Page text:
The fate of Gorgas Savings Association in Philadelphia and 25 other tiny, privately insured Pennsylvania building and loans is in Gov. Tom Ridge's hands.

A bill he is expected to sign this month would require Federal Deposit Insurance Corp. for all of the state's financial institutions. That could spell the end for those such as Gorgas, many of which cannot get or afford such insurance.

"As far as we are concerned, they are putting us out of business for no good reason," said John Kelly Jr., the managing officer of 91-year-old Gorgas.

Building and loans-the kind of operation the Bailey family runs in the movie "It's a Wonderful Life"-have been around since before the turn of the century. At one time Pennsylvania alone had 4,600 of them. But now no other state lets banks or thrifts to operate without FDIC supervision, according to the Conference of State Bank Supervisors.

The survivors range from $370,000 to $18 million of assets. They offer small mortgages and old-fashioned savings instruments, such as serial installment accounts.

Gorgas, which Mr. Kelly's father once ran, may be typical. It has $3 million of assets and operates out of a law office. Mr. Kelly is one of only two employees, and there is only one computer.

Pennsylvania's building and loans are backed by the Pennsylvania Savings Association Insurance Corp., a private entity the state created in 1979. But regulators have argued that private insurance is less secure than federal deposit insurance.

The measure Gov. Ridge is expected to sign would give building and loans 30 months to get FDIC insurance, merge with an institution that already has it, or liquidate.

"We have seen what can happen when private banks fail," said Mike Wishnow, a spokesman for the state's Department of Banking. "Right now happens to be a good time in the banking industry, but we do not want people at risk when that economic tide turns."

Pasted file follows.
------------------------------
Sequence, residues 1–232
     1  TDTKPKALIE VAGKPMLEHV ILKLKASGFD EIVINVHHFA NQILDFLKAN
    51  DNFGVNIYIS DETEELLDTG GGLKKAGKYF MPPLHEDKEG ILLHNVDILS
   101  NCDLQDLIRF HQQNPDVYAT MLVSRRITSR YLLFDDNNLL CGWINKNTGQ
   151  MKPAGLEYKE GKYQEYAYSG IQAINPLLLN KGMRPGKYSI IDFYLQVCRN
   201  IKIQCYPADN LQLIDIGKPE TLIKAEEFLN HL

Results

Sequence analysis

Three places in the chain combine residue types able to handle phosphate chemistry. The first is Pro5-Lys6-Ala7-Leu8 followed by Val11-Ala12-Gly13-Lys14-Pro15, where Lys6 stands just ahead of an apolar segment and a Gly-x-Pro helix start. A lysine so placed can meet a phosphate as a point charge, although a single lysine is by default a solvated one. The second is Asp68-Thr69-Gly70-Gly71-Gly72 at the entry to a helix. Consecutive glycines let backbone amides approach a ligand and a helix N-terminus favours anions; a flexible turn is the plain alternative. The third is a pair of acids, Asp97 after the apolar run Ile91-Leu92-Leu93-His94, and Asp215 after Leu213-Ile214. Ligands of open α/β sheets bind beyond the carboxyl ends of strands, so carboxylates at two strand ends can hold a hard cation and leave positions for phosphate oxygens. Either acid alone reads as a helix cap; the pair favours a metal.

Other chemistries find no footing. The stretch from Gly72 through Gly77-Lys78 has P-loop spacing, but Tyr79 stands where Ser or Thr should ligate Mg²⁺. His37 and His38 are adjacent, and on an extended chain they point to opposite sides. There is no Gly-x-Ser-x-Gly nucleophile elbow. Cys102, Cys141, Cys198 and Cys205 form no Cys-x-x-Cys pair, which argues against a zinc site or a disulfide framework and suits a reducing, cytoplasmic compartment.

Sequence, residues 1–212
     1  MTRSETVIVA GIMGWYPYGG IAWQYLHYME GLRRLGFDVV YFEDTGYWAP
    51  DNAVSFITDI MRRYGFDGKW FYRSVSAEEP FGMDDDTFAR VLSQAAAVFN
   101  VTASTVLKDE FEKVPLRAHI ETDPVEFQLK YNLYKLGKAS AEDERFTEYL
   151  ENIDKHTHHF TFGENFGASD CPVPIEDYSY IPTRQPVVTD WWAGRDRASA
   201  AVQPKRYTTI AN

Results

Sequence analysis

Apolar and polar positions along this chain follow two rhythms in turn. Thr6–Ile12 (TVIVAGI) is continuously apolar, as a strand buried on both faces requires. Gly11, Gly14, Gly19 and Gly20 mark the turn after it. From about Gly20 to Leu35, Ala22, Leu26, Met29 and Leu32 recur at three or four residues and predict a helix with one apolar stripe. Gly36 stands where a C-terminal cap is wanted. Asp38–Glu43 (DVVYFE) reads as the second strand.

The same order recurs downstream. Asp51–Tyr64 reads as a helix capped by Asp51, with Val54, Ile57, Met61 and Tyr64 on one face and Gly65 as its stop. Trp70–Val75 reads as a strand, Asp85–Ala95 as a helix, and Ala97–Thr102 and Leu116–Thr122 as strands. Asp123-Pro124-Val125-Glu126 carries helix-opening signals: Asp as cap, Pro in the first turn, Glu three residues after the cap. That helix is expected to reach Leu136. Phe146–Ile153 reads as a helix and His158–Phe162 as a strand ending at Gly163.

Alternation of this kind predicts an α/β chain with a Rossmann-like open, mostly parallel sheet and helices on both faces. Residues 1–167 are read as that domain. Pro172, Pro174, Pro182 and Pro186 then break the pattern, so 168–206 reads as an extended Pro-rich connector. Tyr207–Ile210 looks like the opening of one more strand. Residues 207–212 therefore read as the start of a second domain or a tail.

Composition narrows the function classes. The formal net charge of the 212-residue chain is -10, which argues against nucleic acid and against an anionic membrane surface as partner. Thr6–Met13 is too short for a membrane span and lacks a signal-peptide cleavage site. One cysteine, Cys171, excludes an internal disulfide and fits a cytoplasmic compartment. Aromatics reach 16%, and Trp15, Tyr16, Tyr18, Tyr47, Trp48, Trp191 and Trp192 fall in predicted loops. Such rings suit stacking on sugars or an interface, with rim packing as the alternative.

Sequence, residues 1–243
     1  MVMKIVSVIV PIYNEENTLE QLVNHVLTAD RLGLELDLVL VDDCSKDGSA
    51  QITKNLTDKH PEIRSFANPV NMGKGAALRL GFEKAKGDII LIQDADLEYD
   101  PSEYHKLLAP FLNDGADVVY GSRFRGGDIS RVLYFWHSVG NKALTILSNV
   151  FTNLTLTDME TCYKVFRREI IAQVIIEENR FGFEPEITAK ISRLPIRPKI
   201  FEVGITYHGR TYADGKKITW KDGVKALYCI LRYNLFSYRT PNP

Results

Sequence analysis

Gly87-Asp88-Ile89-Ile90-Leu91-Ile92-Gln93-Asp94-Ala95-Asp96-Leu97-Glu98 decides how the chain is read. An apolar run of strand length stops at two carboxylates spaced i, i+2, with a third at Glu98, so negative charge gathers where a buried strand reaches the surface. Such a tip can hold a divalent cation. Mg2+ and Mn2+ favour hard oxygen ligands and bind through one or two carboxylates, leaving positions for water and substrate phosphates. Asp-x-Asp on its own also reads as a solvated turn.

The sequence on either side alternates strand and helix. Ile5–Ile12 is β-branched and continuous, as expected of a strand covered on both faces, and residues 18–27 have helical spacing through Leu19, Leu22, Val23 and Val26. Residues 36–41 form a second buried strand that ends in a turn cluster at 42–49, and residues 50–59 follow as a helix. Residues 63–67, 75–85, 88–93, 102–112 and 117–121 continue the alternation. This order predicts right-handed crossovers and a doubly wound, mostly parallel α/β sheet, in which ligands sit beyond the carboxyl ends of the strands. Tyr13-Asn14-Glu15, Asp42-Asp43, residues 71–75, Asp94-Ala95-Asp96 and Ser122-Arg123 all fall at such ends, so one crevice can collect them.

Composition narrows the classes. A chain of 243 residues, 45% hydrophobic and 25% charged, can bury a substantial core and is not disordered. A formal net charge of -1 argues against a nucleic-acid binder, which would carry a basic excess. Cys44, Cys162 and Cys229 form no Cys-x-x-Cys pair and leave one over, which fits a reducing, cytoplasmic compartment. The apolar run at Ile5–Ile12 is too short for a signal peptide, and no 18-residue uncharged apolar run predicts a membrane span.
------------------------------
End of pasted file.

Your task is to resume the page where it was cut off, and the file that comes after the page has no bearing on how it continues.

But qualifying for FDIC insurance is not easy for most building and loans. For one thing, the agency typically requires at least $2 million of capital. And even if they could qualify, some smaller building and loans cannot justify the expense of FDIC regulation.

About the only people who opposed the legislation are building and loan operators.

"We have never gotten a call from anyone expressing an opinion either way," said James R. Biery, executive vice president of the Pennsylvania Bankers Association.

Even some building and loan executives say they understand the state's reasoning.

John A. Wilson, president of $1 million-asset Hometown Building and Loan Association in Philadelphia, said he will be sorry to see the private backing gone. But he added, "I do not want to use my tax money to support a collapsed financial institution."

Hometown plans to merge with other building and loans or with an FDIC- insured thrift.

Others, however, are folding up their tents. Philadelphia's Chestnut Street Building and Loan is in talks to sell its mortgage portfolio, which would put the $2.2 million-asset institution out of business.

As for Gorgas, Mr. Kelly said he is not sure what will become of it.

"We could merge, we could liquidate, or maybe go to court," he said. "We have a lot we have to look at."

Subscribe Now

Access to authoritative analysis and perspective and our data-driven report series.

14-Day Free Trial

No credit card required. Complete access to articles, breaking news and industry data.